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'Interjurisdictional abortion wars are coming' | Can abortion laws cross state lines?

If Roe is overturned, it would create a system where each state decides their own abortion rules. But can a state stop its citizens from traveling for abortions?
Credit: AP
People protest about abortion, Friday, June 24, 2022, outside the Supreme Court in Washington. (AP Photo/Steve Helber)

WASHINGTON — EDITOR’S NOTE: The U.S. Supreme Court has now effectively overturned Roe v. Wade in a June 24 opinion. This story was originally published May 12, 2022. The information in this story is based on the draft opinion leaked to Politico in May.

As of now, Roe V. Wade remains the law of the land, ensuring that abortion is a right for people across the country. But following a leaked draft opinion from the Supreme Court, the landmark case's future remains unclear, prompting many to imagine a 'post-Roe' world. 

Some legal scholars are now predicting that conflicts between states will become the norm, as many pro-life states could attempt to ban their citizens from getting an abortion across state lines. 

QUESTION:

Can states physically block patients from crossing state lines to get an abortion? 

SOURCES: 

ANSWER: 

No. A state can not physically block a woman from crossing the border to get an abortion. However, it is possible for states to enact policies, to attempt to penalize such behavior. 

That could be through legislation to punish providers, those who "aid and abet", and even the patient. Whether these actions will be enforceable or even constitutional will be a big question moving forward, according to legal scholars.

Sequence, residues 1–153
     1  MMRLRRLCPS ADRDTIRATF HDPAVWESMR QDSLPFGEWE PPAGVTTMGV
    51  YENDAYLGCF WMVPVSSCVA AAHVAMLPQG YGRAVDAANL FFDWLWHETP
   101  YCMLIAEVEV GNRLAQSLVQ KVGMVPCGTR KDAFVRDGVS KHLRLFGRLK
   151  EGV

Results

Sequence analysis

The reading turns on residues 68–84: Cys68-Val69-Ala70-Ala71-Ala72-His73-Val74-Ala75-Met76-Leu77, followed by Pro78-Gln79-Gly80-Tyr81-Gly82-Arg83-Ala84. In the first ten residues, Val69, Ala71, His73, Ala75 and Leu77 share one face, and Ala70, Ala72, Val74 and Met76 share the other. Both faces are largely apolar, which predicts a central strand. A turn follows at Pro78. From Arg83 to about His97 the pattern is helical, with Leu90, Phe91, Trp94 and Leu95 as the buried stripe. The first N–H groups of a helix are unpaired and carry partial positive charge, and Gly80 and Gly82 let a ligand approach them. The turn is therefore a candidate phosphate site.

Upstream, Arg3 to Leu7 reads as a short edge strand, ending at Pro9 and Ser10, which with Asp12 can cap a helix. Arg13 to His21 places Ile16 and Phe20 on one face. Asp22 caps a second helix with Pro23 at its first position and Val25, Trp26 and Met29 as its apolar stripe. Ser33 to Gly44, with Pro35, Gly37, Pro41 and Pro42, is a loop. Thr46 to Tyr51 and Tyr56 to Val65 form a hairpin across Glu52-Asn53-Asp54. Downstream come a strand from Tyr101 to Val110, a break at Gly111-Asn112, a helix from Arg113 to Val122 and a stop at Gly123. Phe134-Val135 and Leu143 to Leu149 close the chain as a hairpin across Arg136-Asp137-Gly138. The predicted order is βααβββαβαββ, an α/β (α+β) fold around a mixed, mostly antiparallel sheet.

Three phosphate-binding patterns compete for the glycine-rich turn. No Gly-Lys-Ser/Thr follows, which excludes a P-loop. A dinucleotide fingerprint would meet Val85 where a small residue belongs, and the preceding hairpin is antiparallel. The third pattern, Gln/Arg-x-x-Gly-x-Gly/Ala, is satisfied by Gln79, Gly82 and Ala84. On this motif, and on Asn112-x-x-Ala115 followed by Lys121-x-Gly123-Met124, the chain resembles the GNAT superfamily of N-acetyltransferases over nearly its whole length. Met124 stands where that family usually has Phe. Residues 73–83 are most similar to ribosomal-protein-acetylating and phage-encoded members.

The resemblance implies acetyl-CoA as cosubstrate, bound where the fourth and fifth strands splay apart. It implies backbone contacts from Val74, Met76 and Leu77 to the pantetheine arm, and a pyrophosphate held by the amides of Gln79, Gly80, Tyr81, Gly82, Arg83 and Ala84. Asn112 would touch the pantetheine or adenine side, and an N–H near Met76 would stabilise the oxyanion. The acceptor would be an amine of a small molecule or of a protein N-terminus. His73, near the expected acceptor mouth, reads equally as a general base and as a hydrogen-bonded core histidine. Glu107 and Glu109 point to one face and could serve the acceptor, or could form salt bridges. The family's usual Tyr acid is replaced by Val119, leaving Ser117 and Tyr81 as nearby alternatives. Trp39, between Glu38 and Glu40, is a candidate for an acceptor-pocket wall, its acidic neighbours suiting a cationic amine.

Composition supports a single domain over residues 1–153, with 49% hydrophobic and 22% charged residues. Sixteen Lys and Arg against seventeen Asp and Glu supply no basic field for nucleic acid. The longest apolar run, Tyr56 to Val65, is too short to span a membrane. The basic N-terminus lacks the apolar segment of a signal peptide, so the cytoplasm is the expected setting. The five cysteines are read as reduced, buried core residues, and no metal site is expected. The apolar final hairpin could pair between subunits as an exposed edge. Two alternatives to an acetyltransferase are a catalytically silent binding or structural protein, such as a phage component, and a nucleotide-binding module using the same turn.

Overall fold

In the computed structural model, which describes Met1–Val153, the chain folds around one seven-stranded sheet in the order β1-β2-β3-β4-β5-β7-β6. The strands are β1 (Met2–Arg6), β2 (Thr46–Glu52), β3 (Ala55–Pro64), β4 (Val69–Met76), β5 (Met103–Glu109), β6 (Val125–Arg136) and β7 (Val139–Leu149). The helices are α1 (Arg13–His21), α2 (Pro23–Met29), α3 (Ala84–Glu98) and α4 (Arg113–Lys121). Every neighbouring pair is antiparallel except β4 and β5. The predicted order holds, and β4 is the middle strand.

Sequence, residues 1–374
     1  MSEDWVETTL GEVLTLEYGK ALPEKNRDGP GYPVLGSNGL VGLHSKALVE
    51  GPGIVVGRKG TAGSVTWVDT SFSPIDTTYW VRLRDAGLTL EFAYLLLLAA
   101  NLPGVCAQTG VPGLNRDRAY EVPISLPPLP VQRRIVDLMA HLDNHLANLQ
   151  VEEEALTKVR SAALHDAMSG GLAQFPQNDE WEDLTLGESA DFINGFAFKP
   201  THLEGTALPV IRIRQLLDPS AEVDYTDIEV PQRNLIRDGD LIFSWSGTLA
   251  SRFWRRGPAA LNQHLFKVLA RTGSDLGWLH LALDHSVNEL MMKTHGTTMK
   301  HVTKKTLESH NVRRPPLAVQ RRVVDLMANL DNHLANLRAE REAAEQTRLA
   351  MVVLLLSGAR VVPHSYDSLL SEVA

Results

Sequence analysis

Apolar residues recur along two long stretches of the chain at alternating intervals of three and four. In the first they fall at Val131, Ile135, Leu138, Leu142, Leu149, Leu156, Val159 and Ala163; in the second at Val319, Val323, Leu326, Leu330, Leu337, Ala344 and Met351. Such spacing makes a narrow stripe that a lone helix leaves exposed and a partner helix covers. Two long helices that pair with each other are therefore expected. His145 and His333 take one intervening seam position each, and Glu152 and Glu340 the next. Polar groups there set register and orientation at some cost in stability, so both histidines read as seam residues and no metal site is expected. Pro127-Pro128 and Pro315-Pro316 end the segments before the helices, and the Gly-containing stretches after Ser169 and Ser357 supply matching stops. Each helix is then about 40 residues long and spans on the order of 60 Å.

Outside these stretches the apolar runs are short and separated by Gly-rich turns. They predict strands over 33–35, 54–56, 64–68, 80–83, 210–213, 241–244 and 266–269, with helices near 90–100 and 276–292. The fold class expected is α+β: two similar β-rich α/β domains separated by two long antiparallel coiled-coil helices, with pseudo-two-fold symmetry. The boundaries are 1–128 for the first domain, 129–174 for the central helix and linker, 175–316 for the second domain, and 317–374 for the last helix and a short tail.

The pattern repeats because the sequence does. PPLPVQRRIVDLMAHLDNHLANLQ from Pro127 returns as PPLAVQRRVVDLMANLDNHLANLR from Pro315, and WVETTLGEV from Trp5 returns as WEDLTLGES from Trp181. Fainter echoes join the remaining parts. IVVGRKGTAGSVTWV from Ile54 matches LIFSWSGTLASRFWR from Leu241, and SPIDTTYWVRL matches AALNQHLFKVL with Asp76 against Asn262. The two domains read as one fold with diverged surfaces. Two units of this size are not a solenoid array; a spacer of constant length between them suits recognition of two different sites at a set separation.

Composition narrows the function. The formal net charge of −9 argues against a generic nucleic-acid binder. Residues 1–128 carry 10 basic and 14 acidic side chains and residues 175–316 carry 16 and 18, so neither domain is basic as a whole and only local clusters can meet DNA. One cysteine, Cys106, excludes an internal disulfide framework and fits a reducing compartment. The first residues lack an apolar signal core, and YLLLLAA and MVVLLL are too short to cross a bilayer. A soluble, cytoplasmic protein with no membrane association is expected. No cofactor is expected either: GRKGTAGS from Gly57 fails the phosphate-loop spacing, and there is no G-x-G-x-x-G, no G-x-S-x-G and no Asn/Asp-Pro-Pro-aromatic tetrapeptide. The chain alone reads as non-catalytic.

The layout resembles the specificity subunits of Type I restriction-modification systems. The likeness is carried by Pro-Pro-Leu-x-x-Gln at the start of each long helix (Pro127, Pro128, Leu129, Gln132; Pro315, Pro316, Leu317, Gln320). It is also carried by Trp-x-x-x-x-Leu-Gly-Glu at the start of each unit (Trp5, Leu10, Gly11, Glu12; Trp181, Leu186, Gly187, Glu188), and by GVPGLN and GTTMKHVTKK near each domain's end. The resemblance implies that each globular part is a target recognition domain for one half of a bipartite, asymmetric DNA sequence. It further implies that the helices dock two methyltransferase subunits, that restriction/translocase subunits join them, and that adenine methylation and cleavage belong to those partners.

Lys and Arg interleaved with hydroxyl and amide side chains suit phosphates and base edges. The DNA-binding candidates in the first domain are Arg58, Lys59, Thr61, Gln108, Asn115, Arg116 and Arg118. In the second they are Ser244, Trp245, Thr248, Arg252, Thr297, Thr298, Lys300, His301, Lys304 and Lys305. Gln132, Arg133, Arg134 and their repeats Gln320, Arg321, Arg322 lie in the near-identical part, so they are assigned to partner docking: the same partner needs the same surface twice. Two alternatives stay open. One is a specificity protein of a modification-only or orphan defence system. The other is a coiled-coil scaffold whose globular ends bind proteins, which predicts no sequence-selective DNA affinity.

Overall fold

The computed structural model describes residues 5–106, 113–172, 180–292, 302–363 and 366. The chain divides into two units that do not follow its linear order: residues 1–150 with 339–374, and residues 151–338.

WHAT WE KNOW: 

If Roe V. Wade were to be overturned, abortion rules would immediately be left to the states. This would lead to a patchwork of laws, with major differences between 'red states' and 'blue states.'

In a new legal paper discussing this subject, a trio of legal scholars, write about the possible consequences. 

"Overturning Roe and Casey will create a novel world of complicated, interjurisdictional legal conflicts over abortion," the paper read. 

Lawrence O. Gostin, a professor at The Georgetown Law Center, said that states would not be able to physically block patients at the border. 

"No state can prevent somebody from going into another state or back into your own state," he said. "The only one that can regulate interstate travel and commerce is the U.S. Congress itself." 

However, in a post-Roe world, states would be free to enact legislation that could attempt to levy penalties on those involved with an out-of-state abortion. 

"They can't physically stop them perhaps, but they can create liability for someone who is going to help someone do that," said Greer Donley from the University of Pittsburgh School of Law. 

One approach these legislatures could take, is to try and target out-of-state providers, either through civil lawsuits, or criminal charges. It's unclear how these cases would be resolved if the home state did not cooperate with extradition. 

"Interstate conflict is going to be a feature," said Rachel Rebouché. "Not a bug." 

These states could also attempt to levy charges against those who "aid and abet" in an abortion, including perhaps those who drive the patient across borders. 

A state could even decide to penalize the patient themselves when they return from getting an abortion out of state.

"There are going to be laws enacted that will criminalize the act of going into another state and getting an abortion and then coming back," said Gostin. "And the woman who did that and anybody who helped her would be in legal jeopardy."  

Our experts emphasized that these legal issues are unsettled, and the constitutionality will certainly be tested in the years to come. 

"It's not a very well-developed area of law," said Rebouché. "It's certainly never been tested in regard to abortion. And it's certainly never been tested in regard to abortion when there's no constitutional right to abortion. So it's unsettled. And ultimately, the arbiter might be the Supreme Court."

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